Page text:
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The Silver Coins of England

Edward Hawkins, 1841
Sole Monarchs of England - Anne

Table of Contents

Anne, 1702 to 1714.

The coinage of Queen Anne was conducted upon the same principles as that of her predecessors, and consisted of pieces of the same denominations, value, size, and fineness. Upon all of them her bust is represented, turned to the left, her hair turned up and bound by a fillet, her shoulders covered with drapery fastened by a broach in front. The legend is ANNA DEI GRATIA. Her current money has her arms crosswise in four shields, with the star of the garter in the centre; around are her titles, MAG. BR. FRA. ET HIB. REG. The plumes upon some indicate that the silver was derived from the Welch mines of Sir Carberry Price and Sir Humphrey Mackworth; the rose occurs sometimes on the same pieces with the plumes, because silver from the west of England was combined with Welch silver in their manufacture. The coins with the plumes were frequently called Quakers' money, because the company by whom the mines were worked comprised amongst its members many persons of that denomination.

Crowns: There are three varieties of heads upon these pieces. The first appears upon all pieces before the Union; the hair, in front, curls slightly over the end of the fillet, the under edge of which is clearly seen. Of these we have, dated 1703, TERTIO. with VIGO under the bust, in commemoration of the capture, in Oct. 1702, of Vigo and the Spanish galleons, from which the silver was taken of which they were struck. Upon the reverse there are not any symbols between the shields. Rud. xxxvii. 9. MB. 1705. QVINTO, plumes in the angles. Rud. xxxvii. 17. MB. 1706. QVINTO, Roses and plumes alternately in the angles. MB. 1707. SEXTO. Rud. xxxvii. 13. MB.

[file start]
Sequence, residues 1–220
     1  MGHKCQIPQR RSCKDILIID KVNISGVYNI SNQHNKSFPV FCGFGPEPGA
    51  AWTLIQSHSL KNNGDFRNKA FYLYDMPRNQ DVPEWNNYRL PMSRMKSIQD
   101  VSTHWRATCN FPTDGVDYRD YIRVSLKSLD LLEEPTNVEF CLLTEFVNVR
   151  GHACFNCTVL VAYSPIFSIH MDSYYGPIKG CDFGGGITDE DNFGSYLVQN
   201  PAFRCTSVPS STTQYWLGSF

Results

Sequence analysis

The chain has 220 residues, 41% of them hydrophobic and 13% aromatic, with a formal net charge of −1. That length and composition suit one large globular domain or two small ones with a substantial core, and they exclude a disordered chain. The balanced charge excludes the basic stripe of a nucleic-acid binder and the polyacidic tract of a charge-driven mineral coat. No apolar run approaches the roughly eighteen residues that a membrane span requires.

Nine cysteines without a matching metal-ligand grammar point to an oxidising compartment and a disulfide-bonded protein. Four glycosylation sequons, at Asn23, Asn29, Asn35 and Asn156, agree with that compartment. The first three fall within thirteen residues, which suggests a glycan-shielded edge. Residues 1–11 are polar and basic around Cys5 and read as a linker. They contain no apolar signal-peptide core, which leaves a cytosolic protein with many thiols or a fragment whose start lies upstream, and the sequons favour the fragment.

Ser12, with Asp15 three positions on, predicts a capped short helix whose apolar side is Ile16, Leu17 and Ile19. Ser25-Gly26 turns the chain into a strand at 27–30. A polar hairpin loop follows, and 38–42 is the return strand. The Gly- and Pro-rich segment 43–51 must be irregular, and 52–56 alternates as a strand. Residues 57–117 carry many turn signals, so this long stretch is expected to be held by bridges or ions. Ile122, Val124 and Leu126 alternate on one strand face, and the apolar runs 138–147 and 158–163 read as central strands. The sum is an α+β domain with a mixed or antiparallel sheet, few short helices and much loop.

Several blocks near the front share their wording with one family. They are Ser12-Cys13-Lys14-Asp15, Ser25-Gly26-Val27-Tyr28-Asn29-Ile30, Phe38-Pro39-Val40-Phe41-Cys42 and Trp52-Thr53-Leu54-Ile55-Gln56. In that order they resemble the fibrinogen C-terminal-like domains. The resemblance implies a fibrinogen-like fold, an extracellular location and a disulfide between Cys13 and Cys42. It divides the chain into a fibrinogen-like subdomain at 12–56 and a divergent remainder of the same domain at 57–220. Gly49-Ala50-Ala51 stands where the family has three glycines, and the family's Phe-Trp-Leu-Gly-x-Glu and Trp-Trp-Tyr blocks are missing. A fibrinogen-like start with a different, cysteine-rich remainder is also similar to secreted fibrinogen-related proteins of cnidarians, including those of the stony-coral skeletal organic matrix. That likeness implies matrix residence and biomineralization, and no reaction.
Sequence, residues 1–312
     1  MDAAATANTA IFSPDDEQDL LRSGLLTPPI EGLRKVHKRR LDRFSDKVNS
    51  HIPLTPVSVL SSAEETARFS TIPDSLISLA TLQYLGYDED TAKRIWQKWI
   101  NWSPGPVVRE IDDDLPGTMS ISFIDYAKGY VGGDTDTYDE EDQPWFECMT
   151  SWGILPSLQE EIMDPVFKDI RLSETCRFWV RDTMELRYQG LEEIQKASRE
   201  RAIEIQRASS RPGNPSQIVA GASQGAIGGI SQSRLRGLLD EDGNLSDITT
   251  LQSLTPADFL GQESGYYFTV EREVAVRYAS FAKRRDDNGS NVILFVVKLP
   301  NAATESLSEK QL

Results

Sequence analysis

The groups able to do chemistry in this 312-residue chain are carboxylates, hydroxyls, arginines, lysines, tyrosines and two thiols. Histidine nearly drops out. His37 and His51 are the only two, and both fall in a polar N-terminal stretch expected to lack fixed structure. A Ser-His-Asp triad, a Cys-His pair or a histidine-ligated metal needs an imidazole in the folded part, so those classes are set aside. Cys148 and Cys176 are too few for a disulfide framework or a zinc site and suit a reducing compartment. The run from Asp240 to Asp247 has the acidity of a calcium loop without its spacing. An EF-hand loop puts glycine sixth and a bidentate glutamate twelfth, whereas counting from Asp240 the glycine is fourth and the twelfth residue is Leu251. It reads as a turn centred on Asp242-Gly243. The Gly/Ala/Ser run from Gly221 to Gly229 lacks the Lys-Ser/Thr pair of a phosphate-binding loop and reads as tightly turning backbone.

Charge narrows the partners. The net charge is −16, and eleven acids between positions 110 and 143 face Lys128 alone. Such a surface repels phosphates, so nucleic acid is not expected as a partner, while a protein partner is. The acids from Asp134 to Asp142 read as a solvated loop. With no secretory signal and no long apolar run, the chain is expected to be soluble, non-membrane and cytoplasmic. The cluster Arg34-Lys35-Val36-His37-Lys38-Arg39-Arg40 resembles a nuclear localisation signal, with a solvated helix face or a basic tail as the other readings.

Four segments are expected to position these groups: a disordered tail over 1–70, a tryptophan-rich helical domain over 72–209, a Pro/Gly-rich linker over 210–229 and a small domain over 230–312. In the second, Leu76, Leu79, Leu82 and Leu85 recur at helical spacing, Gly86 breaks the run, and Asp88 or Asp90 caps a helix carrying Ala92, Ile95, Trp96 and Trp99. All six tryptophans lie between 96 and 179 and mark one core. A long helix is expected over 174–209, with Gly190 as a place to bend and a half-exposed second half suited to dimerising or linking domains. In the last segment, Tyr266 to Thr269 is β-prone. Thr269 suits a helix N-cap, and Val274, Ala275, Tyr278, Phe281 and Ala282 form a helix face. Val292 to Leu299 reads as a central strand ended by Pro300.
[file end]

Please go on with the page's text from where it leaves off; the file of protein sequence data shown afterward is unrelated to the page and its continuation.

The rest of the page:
The second variety of head occurs after the Union. The lower side of the fillet is concealed by the curled ends of three locks of hair, a large one between two smaller ones. Upon these pieces the upper and lower shields have England and Scotland impaled, France at the right, Ireland at the left. Of these we have 1707, SEPTIMO, no symbols in the angles. Rud. xxxviii. 17. MB. 1708, SEPTIMO, no symbols. MB. 1708. SEPTIMO, plume in each angle. Rud. xxxviii. 1. Sn. xvii. 39. MB. To this class belongs the crowns 1707. SEXTO. Rud. xxxviii. 9. MB. and 1708. SEPTIMO. MB. which have E under the bust, because they were struck in Edinburgh. These belong to the Scottish series.

The third variety of head occurs only upon the crown dated 1713, DVODECIMO. with rose and plume alternately in the angles; the fillet has its lower edge concealed only by two locks which curl different ways. MB. See Rud. xxxviii. 5, where the piece is dated 1710, a date which we believe does not occur upon any crown of Queen Anne; nor are there any crowns dated 1702 as Rud. xxxvii. 1., or with E and star under the bust, as Rud. xxxviii. 13.

Half-Crowns: There are only two varieties of heads upon the half-crowns. That before the Union has the front locks with a sharp termination. Of these there are 1703, TERTIO, no symbols on reverse, VIGO under the bust. Rud. xxxvii. 10 Sn. xvii. 32. MB. Similar without the word VIGO. Rud. xxxvii. 2. MB. extremely rare., Le Grand's in 1836, in fine condition, sold for 3..3. 1704, TERTIO, plumes in the angles. MB. 1705, QVINTO, plumes. Rud. xxxvii. 18. MB. 1706. QVINTO, roses and plumes alternately. MB. 1707. SEXTO, roses and plumes. Rud. xxxvii. 14. MB. The half-crown after the Union, 1708, SEPTIMO, with plumes on the rev. has the same head, perhaps also some others, but we have not observed them.